Welcome to The Journey Talk with Rafa Uccello! Here we talk to young marketing professionals about their career journey, aspirations and inspirations. Get to know more about the people that are shaping the future of our industry.

This week, we got to chat with Paige Sontag, a Senior Manager at Nielsen, that talked about the importance of leadership and transparency in client relationships.

Name: Paige Sontag

Pronouns: She/her

Education: Bachelor of Arts Honours in English and Psychology at Queen’s University, and a Post-Graduate Certificate in Research Analysis at Georgian College

Industry: Digital Marketing / Advertising Technologies

Favourite quote: “You don’t know what you don’t know” – my boss and mentor

Guilty pleasure: Love Island and boxed wine

Q: Did you have a career in mind when you started?

A: No, not really. I went to Queen’s University for English and Psychology because I wasn’t sure of what I wanted. I had two ideas in mind: either I wanted to get a master’s in information sciences and become a librarian or do a master’s in counselling psychology and become a counselor. As I was near the end of my undergrad program, I realized I did not want to get another degree. After that, I started looking into colleges and multiple post-grad programs. I came across the Research Analyst program at Georgian College that sparked my interest. While I was there, I noticed that I liked marketing research, where I started my career. I always knew I enjoyed research; however, I also knew I didn’t want to work in academic research. When I started to learn more about marketing research, the passion started setting in. And the rest is history.

Q: Did you ever feel rushed to decide your path after undergrad?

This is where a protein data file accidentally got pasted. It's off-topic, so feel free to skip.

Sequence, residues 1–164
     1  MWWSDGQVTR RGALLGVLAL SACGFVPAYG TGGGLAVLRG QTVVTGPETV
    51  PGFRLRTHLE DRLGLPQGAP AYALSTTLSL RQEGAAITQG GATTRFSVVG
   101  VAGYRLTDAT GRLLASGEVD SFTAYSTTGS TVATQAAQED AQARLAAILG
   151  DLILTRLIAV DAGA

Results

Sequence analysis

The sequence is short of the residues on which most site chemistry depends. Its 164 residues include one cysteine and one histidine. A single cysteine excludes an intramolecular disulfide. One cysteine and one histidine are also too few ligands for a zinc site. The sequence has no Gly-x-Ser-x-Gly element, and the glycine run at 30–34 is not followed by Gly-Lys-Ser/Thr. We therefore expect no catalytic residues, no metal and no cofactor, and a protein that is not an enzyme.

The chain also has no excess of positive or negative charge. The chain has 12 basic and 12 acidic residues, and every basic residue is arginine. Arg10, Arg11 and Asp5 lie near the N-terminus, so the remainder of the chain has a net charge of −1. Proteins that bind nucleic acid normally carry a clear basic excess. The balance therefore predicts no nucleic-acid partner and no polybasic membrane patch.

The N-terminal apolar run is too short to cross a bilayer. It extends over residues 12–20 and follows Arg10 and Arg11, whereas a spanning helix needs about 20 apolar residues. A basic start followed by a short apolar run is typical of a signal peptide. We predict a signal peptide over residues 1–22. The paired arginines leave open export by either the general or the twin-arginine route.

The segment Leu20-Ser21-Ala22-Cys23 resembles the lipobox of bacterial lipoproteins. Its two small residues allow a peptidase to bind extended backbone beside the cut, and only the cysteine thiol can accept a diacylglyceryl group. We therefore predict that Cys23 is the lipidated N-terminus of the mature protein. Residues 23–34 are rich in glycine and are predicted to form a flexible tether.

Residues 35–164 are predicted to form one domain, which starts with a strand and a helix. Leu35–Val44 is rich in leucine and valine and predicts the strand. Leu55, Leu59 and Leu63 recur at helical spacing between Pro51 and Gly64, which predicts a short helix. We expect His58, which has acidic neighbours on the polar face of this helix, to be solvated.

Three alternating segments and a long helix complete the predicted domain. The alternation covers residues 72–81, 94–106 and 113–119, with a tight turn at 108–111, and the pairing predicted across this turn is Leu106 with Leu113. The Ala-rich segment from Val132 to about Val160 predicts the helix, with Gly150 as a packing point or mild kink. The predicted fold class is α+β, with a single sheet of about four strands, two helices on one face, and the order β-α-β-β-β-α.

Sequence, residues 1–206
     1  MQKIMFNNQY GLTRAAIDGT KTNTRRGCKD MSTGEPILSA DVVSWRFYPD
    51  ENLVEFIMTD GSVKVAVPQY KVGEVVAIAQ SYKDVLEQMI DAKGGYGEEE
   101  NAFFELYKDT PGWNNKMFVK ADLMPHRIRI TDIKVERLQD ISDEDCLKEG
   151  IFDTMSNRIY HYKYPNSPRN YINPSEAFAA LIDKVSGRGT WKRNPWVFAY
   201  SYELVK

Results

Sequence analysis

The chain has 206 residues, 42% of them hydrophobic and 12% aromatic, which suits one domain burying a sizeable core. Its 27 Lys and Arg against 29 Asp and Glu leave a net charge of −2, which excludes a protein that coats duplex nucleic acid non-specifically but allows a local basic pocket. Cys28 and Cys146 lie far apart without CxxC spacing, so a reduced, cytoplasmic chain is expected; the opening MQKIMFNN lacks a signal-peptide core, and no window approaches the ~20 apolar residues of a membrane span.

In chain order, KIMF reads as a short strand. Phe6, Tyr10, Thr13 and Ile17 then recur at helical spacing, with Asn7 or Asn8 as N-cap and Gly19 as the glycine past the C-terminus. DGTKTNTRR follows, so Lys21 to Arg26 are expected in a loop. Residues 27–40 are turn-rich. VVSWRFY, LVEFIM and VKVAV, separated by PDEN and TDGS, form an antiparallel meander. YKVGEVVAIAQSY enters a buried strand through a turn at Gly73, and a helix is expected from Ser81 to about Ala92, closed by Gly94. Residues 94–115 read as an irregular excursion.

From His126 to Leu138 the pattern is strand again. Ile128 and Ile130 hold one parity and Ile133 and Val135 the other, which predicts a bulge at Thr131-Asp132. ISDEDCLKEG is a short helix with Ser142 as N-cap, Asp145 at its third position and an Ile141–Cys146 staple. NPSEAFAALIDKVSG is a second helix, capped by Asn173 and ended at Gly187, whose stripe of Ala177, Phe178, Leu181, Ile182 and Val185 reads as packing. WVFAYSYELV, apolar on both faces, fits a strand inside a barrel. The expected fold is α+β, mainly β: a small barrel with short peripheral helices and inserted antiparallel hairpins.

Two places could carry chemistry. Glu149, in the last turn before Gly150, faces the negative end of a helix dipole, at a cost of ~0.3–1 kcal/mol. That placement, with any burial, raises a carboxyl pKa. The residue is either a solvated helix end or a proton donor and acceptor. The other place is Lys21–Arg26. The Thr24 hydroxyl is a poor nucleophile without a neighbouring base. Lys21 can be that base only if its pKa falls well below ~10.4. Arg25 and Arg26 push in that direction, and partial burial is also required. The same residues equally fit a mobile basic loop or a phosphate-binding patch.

A: I did feel kind of rushed because everyone wants to get a job after they graduate. My problem was that I wasn’t entirely sure about what I liked. I was a good student, but the university was not the type of study I liked to do, so I knew that doing a master’s without being sure if I would enjoy it was not worthwhile. That’s why I took the post-grad path; it turned out to be a great experience.

Q: At what point did you know what career you wanted to be in, and what you wanted to achieve? 

A: When I was in my post-grad, I had different courses within research that sparked in me the certainty that “Yes, this is what I want to do”. I like qualitative research; although I leaned more toward quantitative analysis in my job, I had the opportunity to get trained as a moderator. Throughout that period, it became apparent that I wanted to have a career in that field.

Q: What is something you learned that has been impactful for you? 

A: One of my bosses told me that “You don’t know what you don’t know”, which can be a confusing sentence. However, this taught me that when you work as a supplier of data to marketers and agencies, they expect you to be an expert in many areas, but you can’t always be that. Admitting that you don’t know something and finding the answer afterward, was one of the most impactful things. I’m a perfectionist at my core, and I always want to help my clients, immediately. But it is not always possible. It was hard for me to understand that at the beginning of my career, it helped me realize that it’s ok to not know everything in such a vast industry, and take the time to find the correct answer later on.

Q: What is one thing you wish you knew when starting your career in marketing?

A: I wish I knew that the job isn’t as important as it feels. When you are working hard because you want to see great results, you can burnout quickly. One thing people say in our industry is that “We don’t do brain surgery”. There are no radical outcomes if you can’t get something done. Although we are accountable to our clients within our deadlines, most clients understand if you need an extra afternoon to get something done. Needless to say, working is essential, but it’s not life or death. However, I still need to remind myself that it is okay to take a break, so I don’t feel burned out. That keeps me going.

Q: What keeps you motivated and inspired in your professional life?

 A: For me, one of the essential things is leadership and being part of a team. What keeps me motivated is being able to keep my team motivated and engaged, and seeing their success. When they are successful, everyone wins, the team and each individual member. It also reflects how much I helped them grow and work toward their goals. I always say to my teams that if they need a reference for a future job, I would oblige; I don’t want to hold them back for what could be a significant step in their careers. Decisions leaders make can have a profound effect on the trajectory of their team members. I always want to help people—from those I manage to my team or my clients.

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